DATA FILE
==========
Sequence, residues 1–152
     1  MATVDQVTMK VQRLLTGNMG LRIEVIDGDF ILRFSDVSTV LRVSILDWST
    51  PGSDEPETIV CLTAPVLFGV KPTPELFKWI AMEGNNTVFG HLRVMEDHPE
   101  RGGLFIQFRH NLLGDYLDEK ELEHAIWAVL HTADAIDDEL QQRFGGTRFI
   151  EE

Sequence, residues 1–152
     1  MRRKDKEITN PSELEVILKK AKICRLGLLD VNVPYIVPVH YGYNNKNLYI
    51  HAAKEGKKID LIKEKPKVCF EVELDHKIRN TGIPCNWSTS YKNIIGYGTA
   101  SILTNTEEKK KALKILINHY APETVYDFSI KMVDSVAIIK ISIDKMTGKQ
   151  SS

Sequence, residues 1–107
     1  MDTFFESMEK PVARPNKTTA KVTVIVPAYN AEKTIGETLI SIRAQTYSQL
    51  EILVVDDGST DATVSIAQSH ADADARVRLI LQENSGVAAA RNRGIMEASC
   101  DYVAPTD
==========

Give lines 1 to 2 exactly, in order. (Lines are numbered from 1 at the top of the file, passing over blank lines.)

Sequence, residues 1–152
     1  MATVDQVTMK VQRLLTGNMG LRIEVIDGDF ILRFSDVSTV LRVSILDWST